messagePtr = "Working";
    }
    else if ( gSamplesHigh > gSamplesTotal )
    {
        // Error. Should never happen.
        messagePtr = "HighErr";
    }
    else if ( gSamplesHigh > 42949672 ) // = 4294967295 / 100
    {
        // Error. Should never happen.
        // Can’t multiply by 100 to make into a percentage.
        messagePtr = "TooMany";
    }
    else // Show duty cycle
    {
        // Can we multiply by four places (10000) without overflow?
        if ( gSamplesHigh > 429496 ) // = 4294967295 / 10000
        {
            // No. So no decimal places. Just straight percentage.
            dutyCycle = (unsigned short)((gSamplesHigh*100)/gSamplesTotal);
        }
        else
        {
            // Yes. Show two decimal places.
            dutyCycle = (unsigned short)((gSamplesHigh*10000)/gSamplesTotal);
            decimalPlaces = 2;
        }

        CL_FloatingPointDecimalStringFromUnsignedShort ( outputAsString, dutyCycle,
                                                         decimalPlaces );

        /*
        CL_SerialTransmitConstString("Samples: ");
        CL_SerialTransmitSignedDecimalLong((long)gSamplesHigh,0);
        CL_SerialTransmitConstString(" / ");
        CL_SerialTransmitSignedDecimalLong((long)gSamplesTotal,0);
        CL_SerialTransmitConstString(" = ");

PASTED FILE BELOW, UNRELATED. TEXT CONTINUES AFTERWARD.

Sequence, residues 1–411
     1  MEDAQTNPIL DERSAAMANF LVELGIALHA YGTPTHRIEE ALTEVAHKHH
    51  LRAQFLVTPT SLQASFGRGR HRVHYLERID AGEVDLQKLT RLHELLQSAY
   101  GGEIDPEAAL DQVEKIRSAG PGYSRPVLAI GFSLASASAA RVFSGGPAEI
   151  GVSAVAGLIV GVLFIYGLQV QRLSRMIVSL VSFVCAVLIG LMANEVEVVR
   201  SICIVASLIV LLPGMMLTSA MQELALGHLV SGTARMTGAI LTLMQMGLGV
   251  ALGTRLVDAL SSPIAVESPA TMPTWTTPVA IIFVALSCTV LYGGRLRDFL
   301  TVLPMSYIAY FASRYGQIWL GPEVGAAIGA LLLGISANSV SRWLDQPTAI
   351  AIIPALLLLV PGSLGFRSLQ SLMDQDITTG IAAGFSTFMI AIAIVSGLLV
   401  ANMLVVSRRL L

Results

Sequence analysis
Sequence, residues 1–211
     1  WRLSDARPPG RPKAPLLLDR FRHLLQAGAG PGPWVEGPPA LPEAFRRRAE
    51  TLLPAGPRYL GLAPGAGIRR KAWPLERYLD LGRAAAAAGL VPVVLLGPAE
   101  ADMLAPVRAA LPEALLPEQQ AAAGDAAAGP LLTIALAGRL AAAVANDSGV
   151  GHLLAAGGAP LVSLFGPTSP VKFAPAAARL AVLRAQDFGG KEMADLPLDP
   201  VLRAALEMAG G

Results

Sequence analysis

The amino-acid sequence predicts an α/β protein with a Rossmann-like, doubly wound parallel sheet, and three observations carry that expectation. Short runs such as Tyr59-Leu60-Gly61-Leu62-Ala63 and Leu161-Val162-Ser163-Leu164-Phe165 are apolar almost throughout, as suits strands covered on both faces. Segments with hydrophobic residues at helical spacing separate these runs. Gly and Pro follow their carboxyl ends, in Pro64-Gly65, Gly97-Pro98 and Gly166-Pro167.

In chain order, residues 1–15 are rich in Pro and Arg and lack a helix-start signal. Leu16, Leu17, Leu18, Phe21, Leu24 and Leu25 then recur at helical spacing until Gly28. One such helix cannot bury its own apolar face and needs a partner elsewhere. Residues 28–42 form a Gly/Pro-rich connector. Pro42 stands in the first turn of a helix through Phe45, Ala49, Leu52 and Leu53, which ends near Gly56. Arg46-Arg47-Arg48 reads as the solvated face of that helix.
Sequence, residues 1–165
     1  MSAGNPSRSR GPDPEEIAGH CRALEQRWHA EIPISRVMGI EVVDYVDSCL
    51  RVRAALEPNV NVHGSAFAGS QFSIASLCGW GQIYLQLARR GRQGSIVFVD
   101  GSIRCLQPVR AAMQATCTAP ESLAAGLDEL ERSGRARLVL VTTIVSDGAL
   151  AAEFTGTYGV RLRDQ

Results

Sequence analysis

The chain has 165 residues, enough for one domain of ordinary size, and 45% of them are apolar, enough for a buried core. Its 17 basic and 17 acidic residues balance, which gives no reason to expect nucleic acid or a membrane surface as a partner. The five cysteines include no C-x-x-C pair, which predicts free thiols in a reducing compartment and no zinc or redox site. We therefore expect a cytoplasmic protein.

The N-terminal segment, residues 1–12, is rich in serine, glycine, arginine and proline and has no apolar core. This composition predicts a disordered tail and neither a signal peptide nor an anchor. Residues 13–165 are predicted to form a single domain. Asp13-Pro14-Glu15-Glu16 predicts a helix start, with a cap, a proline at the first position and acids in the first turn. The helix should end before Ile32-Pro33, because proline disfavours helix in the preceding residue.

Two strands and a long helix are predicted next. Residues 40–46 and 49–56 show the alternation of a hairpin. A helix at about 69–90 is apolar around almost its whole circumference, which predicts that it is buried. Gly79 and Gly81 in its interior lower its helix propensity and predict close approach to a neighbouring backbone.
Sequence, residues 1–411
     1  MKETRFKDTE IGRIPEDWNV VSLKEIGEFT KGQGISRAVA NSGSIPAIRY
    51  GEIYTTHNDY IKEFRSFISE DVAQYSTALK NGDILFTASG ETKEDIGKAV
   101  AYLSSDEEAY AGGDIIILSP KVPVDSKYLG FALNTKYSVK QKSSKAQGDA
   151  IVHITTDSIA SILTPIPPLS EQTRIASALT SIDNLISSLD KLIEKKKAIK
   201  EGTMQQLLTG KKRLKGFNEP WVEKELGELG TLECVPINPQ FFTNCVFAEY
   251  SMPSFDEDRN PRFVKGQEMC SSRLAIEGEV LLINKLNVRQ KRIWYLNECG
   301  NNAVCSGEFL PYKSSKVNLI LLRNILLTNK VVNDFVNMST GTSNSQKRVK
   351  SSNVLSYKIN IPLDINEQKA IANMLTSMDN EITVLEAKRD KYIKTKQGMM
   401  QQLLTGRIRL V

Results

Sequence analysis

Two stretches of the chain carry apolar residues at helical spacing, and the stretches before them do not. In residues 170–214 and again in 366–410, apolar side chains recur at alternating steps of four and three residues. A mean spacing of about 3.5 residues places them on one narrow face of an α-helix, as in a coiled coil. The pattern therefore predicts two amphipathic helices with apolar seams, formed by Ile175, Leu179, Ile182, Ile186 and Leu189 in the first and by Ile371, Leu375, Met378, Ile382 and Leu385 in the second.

CL_SerialTransmitString(outputAsString);
        CL_SerialTransmitConstString("%");
        CL_SerialTransmitCRLF();
        */

        CL_StringPad ( outputAsString, ALPHANUMERIC_SCREEN_LIMIT-1, ' ' );
        outputAsString[ALPHANUMERIC_SCREEN_LIMIT-1] = '%';
        outputAsString[ALPHANUMERIC_SCREEN_LIMIT] = EOS;
    }

    if ( messagePtr != null )
    {
        CL_CopyStringFromConstStringLimit(outputAsString,
                ALPHANUMERIC_SCREEN_LIMIT, messagePtr);
    }

    // Display on LED
    CL_AlphanumericCodesFromString(outputAsString);

    // Start sampling again
    gSamplesTotal = 0;
    gSamplesHigh = 0;
}
			

The sampling algorithm could be adapted to measure analog waveforms, such as sine waves or true noise, without altering the display routine. However, the frequency rate would drop considerably given the long analog-to-digital sampling time on an 8-bit microcontroller. Using an external ADC component would be an improvement.

Replacement for PNA4602M

In conclusion, the testing demonstrates that the Vishay TSOP4038 is an excellent replacement for the discontinued Panasonic PNA4602M infrared detector for purposes of object detection. The TSOP4038 has the same pinout, 38 kHz carrier frequency, 950 nm peak spectral sensitivity, and continuous detection capability. Furthermore, the TSOP4038 has the following advantages:

The last two benefits could possibly cause incompatibilities in existing circuits. The only disadvantage discovered in the comparison is the longer latency to detect the start and end of a signal.

Like many robot builders, I’m grateful to Vishay for creating this part. Now, go out and buy a bunch!